In August 1914, after the outbreak of World War I, the Home Fleet was reorganised as the Grand Fleet; Iron Duke remained the flagship of the fleet, now under Admiral John Jellicoe, 1st Earl Jellicoe.[2] On the evening of 22 November 1914, the Grand Fleet conducted a fruitless sweep in the southern half of the North Sea; Iron Duke stood with the main body in support of Vice Admiral David Beatty's 1st Battlecruiser Squadron. The fleet was back in port in Scapa Flow by 27 November.[4] Iron Duke and most of the fleet remained in port during the German raid on Scarborough, Hartlepool and Whitby in December 1914, though the 3rd Battle Squadron was sent to reinforce the British forces in the area.[5] Iron Duke went to sea with the 2nd and 4th Battle Squadrons for gunnery practice north of the Hebrides on 23 and 24 December.[6] The following day, the rest of the fleet joined Iron Duke for a sweep in the North Sea, which concluded on 27 December.[7]

Iron Duke in November 1913

Iron Duke and the rest of the fleet conducted gunnery drills on 10–13 January 1915 west of the Orkneys and Shetlands.[8] On the evening of 23 January, the bulk of the Grand Fleet sailed in support of Beatty's Battlecruiser Fleet, but Iron Duke and the rest of the fleet did not become engaged in the ensuing Battle of Dogger Bank the following day.[9] Upon returning from the operation, Iron Duke went to Invergordon for refit; while she was away, HMS Centurion acted as the temporary fleet flagship.[10] The work was completed by 23 February, after which she returned to Scapa Flow.[11] On 7–10 March, the Grand Fleet conducted a sweep in the northern North Sea, during which it conducted training manoeuvres. Another such cruise took place on 16–19 March.[12] On 11 April, the Grand Fleet conducted a patrol in the central North Sea and returned to port on 14 April; another patrol in the area took place on 17–19 April, followed by gunnery drills off the Shetlands on 20–21 April.[13]

The Grand Fleet conducted a sweep into the central North Sea on 17–19 May without encountering any German vessels.[14] On 25 May, Iron Duke carried Jellicoe to Rosyth to meet with Admiral Henry Jackson, the new First Sea Lord. Iron Duke returned to Scapa Flow on 28 May, in time to participate in another sweep into the North Sea on 29–31 May.[15] After returning to Scapa Flow, Iron Duke immediately departed for Cromarty.[16] The fleet conducted gunnery training in mid-June.[17] Iron Duke, the 2nd Battle Squadron, and the 1st Cruiser Squadron conducted gunnery training at Cromarty on 2 August; after completing the drills, the ships returned to Scapa Flow. On 7 August, the ship again took Jellicoe to Cromarty for another meeting, this time with the Prime Minister, H. H. Asquith.[18] Iron Duke was back in Scapa Flow by 16 August.[19]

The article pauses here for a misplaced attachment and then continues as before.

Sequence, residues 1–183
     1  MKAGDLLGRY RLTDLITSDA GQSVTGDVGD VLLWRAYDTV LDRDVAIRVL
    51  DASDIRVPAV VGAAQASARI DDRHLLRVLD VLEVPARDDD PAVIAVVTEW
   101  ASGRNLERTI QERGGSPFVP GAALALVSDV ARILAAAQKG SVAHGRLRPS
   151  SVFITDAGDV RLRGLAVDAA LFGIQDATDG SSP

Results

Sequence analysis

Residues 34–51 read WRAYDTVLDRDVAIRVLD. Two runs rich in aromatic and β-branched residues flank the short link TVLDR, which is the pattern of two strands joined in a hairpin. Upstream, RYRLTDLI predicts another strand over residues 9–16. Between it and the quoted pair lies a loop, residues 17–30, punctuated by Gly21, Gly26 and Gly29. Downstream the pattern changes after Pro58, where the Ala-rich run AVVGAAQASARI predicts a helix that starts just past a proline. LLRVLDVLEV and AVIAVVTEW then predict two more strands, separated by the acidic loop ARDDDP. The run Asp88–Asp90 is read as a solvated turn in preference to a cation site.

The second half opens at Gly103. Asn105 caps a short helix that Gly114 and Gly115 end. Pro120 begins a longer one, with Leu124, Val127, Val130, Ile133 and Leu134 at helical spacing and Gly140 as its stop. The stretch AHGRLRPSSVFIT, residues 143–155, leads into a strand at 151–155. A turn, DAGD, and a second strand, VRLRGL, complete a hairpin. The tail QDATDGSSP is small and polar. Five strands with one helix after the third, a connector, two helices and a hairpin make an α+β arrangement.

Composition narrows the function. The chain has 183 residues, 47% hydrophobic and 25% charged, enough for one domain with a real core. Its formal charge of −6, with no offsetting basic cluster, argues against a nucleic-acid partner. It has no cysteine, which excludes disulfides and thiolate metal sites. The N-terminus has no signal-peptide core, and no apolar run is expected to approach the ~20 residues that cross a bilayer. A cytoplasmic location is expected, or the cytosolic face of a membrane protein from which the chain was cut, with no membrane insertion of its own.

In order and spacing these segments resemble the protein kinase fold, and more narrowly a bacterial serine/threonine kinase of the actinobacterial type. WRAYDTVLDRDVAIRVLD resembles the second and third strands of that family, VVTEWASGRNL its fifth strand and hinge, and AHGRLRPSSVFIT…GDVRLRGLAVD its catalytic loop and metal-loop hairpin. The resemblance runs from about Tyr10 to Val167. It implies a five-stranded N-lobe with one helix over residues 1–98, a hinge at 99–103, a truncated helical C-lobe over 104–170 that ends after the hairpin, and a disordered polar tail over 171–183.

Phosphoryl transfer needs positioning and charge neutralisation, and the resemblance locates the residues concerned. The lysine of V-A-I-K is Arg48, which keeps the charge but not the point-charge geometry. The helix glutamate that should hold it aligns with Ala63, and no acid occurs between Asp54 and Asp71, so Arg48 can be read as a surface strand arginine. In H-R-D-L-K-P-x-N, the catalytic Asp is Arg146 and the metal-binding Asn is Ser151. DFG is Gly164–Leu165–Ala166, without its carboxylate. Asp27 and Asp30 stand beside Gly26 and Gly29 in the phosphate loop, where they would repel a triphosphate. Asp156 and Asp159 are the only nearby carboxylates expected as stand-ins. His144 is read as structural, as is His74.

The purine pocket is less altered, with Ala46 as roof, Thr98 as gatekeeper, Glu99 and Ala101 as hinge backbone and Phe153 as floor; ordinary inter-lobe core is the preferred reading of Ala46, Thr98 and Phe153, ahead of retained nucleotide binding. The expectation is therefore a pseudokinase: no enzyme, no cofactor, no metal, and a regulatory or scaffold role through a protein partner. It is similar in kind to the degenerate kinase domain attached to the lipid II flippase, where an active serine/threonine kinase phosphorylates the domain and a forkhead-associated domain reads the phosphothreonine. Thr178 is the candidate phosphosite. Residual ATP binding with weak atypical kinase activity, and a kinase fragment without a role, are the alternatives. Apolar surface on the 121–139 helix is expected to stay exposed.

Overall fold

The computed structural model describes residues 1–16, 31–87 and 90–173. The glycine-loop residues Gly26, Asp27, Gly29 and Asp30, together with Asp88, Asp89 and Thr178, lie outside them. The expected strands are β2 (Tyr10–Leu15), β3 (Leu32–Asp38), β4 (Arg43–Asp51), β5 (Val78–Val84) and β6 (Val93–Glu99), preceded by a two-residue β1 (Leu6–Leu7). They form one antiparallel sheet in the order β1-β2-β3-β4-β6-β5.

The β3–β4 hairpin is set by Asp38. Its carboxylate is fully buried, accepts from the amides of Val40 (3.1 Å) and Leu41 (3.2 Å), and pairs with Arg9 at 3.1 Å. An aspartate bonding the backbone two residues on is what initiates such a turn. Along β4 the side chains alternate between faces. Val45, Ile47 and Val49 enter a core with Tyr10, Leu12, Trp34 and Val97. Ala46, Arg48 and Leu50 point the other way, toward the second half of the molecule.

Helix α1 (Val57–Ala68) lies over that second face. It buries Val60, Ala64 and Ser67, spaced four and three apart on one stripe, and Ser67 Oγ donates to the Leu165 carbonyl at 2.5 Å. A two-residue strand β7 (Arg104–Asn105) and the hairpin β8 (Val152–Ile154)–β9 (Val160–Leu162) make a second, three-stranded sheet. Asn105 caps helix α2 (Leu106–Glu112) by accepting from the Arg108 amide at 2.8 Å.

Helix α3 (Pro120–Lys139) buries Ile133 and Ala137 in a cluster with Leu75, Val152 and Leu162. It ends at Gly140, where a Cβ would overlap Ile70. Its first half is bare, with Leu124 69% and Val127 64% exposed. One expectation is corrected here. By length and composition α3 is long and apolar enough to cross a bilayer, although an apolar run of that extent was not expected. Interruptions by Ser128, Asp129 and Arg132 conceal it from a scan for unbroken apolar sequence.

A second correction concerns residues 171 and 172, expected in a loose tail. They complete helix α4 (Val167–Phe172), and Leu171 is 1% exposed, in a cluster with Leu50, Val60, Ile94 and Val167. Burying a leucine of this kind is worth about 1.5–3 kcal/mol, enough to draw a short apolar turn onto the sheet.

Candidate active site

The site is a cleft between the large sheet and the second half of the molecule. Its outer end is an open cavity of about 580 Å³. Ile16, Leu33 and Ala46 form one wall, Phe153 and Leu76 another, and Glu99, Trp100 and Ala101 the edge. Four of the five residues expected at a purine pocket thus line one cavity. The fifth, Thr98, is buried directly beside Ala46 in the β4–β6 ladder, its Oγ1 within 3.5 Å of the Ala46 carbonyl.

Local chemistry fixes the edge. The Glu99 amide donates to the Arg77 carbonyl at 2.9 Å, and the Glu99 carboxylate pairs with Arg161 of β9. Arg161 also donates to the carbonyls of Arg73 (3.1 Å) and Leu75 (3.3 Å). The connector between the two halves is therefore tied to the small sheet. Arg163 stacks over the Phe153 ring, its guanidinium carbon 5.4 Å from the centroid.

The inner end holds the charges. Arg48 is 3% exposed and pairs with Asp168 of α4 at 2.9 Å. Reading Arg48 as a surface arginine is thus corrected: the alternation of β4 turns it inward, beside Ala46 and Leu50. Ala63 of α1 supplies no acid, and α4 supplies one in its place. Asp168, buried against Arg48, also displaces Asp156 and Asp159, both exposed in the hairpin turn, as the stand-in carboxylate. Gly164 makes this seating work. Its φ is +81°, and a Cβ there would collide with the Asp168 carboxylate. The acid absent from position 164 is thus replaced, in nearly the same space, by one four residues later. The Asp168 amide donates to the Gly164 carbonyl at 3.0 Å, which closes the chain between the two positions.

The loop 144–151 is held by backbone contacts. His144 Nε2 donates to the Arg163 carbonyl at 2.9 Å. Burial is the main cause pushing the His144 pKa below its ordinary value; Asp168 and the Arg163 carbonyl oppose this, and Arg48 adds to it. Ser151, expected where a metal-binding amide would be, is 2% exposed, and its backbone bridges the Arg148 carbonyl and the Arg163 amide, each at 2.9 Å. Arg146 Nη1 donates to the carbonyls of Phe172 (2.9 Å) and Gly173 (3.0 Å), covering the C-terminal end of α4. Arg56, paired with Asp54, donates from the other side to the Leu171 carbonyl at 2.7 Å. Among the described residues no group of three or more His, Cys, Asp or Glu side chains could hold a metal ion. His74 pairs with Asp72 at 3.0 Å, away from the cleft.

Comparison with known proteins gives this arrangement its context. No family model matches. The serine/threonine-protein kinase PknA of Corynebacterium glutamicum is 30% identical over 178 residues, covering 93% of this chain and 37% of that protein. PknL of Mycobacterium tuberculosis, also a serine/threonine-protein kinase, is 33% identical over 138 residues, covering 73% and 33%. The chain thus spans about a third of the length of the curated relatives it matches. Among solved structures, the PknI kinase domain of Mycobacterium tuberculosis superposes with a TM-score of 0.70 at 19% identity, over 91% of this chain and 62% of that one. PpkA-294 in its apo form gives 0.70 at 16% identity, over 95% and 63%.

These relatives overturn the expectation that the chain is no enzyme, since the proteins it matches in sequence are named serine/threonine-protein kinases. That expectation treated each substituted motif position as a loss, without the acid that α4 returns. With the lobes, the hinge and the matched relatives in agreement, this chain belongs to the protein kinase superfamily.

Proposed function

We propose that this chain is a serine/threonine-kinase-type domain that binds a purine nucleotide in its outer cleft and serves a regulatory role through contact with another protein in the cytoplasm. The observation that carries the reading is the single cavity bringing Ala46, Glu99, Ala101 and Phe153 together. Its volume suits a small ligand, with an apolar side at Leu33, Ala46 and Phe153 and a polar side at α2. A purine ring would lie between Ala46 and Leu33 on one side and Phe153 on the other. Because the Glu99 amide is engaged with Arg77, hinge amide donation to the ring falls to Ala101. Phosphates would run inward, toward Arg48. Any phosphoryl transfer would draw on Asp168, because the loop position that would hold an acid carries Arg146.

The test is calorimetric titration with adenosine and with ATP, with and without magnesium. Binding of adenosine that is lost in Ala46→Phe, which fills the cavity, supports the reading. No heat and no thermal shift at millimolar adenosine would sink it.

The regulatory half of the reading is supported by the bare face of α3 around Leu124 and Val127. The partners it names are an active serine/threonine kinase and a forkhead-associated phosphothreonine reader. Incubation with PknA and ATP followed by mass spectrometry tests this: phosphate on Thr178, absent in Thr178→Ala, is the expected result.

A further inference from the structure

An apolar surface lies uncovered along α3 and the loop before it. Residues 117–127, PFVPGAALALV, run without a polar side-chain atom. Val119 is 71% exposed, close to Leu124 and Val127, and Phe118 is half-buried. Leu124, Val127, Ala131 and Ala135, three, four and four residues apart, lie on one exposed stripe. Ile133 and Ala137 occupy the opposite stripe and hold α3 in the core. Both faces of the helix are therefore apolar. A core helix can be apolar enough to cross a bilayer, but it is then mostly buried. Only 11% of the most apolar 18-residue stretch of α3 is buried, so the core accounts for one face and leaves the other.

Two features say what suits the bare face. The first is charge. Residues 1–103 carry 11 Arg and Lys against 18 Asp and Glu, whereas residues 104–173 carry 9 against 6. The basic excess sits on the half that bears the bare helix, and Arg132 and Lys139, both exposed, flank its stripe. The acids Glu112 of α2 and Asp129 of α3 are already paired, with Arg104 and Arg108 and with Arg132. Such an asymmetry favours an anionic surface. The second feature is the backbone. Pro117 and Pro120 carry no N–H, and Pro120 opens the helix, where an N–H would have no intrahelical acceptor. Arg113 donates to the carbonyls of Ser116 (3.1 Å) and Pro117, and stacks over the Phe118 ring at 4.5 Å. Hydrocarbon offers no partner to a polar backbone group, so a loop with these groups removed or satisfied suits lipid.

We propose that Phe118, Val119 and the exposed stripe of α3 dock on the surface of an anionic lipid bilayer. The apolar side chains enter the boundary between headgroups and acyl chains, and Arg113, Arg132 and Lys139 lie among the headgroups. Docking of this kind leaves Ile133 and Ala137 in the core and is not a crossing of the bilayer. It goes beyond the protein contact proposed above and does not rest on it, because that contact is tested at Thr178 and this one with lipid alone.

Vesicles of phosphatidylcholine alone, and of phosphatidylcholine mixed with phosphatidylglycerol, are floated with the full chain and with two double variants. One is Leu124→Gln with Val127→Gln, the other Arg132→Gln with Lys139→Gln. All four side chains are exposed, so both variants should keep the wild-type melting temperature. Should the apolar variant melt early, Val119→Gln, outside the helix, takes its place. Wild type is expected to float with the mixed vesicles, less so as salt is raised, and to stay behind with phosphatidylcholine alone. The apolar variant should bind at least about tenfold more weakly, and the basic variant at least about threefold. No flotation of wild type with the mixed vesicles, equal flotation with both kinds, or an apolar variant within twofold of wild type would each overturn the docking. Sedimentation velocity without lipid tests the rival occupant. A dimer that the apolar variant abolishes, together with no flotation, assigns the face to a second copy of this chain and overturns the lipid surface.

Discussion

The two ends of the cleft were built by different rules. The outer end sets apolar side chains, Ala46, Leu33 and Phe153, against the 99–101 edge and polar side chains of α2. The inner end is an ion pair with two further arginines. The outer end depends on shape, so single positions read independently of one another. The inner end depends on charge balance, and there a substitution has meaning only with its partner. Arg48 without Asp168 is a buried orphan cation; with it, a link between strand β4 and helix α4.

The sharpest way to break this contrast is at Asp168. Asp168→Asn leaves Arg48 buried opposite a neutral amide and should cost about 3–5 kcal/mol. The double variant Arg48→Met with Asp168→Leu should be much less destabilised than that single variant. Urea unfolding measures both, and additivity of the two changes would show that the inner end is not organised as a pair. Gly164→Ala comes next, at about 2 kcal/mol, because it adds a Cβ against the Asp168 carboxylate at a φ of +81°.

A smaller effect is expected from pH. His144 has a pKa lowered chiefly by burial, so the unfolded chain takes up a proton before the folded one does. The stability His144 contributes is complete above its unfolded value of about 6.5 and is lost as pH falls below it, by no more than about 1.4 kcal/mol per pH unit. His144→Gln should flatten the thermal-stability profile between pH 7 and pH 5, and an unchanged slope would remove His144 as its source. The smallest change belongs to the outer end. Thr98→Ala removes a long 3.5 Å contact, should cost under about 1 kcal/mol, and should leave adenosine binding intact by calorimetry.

Iron Duke underway

On 2–5 September, the fleet went on another cruise in the northern end of the North Sea and conducted gunnery drills.[20] Throughout the rest of the month, the Grand Fleet conducted numerous training exercises.[21] Iron Duke went to Invergordon on 1 October for another period of refitting—the work lasted until 11 October.[22] Two days later, the majority of the fleet conducted another sweep into the North Sea, returning to port on 15 October.[23] On 2–5 November, Iron Duke participated in another fleet training operation west of the Orkneys.[24] Another such cruise took place on 1–4 December.[25] Later in the month, Iron Duke took part in gunnery drills, and during them, conducted an experiment of sorts to determine the accuracy of the ship's gunners. Jellicoe concluded that the "result was very satisfactory."[26]

Iron Duke collided with the tanker Prudentia on 12 January 1916 while in Scapa Flow, and the latter sank.[27] The tanker had come loose during a severe gale, which had winds of up to 80 miles per hour (130 km/h). Iron Duke was undamaged in the accident. The typical routine of gunnery drills and squadron exercises occurred in January.[28] The fleet departed for a cruise in the North Sea on 26 February; Jellicoe had intended to use the Harwich Force to sweep the Heligoland Bight, but bad weather prevented operations in the southern North Sea. As a result, the operation was confined to the northern end of the sea.[29] On the night of 25 March, Iron Duke and the rest of the fleet sailed from Scapa Flow to support the Battlecruiser Fleet and other light forces that raided the German zeppelin base at Tondern. By the time the Grand Fleet approached the area on 26 March, the British and German forces had already disengaged and a severe gale threatened the light craft. Iron Duke guided the destroyers back to Scapa while the rest of the fleet retired independently.[30]